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The Picture Postcard

A new window into Edwardian Ireland


Ann Wilson

The Picture Postcard, a new window into Edwardian Ireland uses the material culture of the picture postcard as a lens through which to examine life on the island of Ireland during the Edwardian period (1902-10). Picture postcards became extremely popular worldwide at the start of the twentieth century, when literally hundreds of billions of them were produced and sold.

This book draws on postcard collections to access the everyday lives of people who rarely make it into conventional historical narratives, and to make connections in an Irish context between their «small histories» and broader, well-studied discourses such as identity, nationalism, empire, modernity, emigration, tourism and the roles of women.


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I want to thank the Thomas Dammann Junior Memorial Trust and the Irish Association of Professional Historians for financial awards that made possible the publication of this book with coloured illustrations. To both of these I am very grateful.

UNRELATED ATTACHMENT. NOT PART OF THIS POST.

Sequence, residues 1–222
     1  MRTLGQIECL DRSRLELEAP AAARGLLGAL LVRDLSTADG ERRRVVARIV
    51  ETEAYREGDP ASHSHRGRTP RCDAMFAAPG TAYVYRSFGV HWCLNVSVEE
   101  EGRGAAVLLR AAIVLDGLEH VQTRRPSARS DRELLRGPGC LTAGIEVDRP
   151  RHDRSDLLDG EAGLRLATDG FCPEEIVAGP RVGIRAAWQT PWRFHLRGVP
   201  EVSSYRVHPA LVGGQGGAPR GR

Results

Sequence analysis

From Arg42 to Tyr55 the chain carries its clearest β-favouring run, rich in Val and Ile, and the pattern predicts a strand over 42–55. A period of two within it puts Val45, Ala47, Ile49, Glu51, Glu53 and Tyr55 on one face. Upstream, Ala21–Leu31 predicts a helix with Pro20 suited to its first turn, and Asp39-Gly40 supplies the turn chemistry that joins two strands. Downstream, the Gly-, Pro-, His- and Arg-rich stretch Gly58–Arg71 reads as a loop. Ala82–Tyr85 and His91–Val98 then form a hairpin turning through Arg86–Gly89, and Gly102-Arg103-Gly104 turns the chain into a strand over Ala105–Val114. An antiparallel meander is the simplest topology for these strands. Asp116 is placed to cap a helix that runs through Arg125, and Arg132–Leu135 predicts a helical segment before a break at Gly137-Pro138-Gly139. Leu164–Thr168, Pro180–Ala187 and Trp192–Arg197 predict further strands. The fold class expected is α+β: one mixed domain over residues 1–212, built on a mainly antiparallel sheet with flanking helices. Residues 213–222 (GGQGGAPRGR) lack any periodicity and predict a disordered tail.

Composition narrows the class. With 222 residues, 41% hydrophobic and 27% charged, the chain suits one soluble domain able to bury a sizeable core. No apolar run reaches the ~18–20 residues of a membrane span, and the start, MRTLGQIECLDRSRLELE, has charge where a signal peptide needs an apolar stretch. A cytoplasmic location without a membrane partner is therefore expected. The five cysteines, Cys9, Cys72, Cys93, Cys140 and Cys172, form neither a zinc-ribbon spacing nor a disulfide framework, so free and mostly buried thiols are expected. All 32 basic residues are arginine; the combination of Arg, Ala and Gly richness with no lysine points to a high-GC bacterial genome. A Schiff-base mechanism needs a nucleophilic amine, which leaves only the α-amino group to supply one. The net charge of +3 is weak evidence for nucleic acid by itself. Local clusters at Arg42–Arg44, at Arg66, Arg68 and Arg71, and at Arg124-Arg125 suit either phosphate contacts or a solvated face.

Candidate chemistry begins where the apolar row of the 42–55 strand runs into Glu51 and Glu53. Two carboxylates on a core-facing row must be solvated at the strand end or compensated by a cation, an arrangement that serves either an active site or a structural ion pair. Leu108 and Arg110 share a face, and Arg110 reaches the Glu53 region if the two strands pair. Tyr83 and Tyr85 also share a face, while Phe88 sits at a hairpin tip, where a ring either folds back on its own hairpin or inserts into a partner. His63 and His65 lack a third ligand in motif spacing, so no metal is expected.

Thank you to Margaret O’Leary for giving me access to her grandmother’s wonderful collection of postcards, and to Niamh O’Leary Moran for her generous sharing of her research on her family’s history.

Thank you also to Hilda Haugh and Mary and Arthur O’Donnell, who allowed me to examine and photograph their amazing family postcard collections.

Thanks as well to Dan Breen in the Cork Public Museum, Deborah Baume in the Cobh Museum, and Sinéad Holland and Siobhan O’Neill in Portlaoise County library.

Thanks too for their help in various ways to Brian McCabe, Mark Carmody, Julia Gillen, Viv Gardner, Robert Demaine, and Peter Gilderdale, and all those who helped me in any way.

To Christabel Scaife and Anthony Mason at Peter Lang for their help and patience especially.

Also thanks to all the Wilson, Madigan, O’Leary and Nolan family members who were so helpful in response to my questions.

And above all thanks to Jim, for everything.←xiii | xiv→

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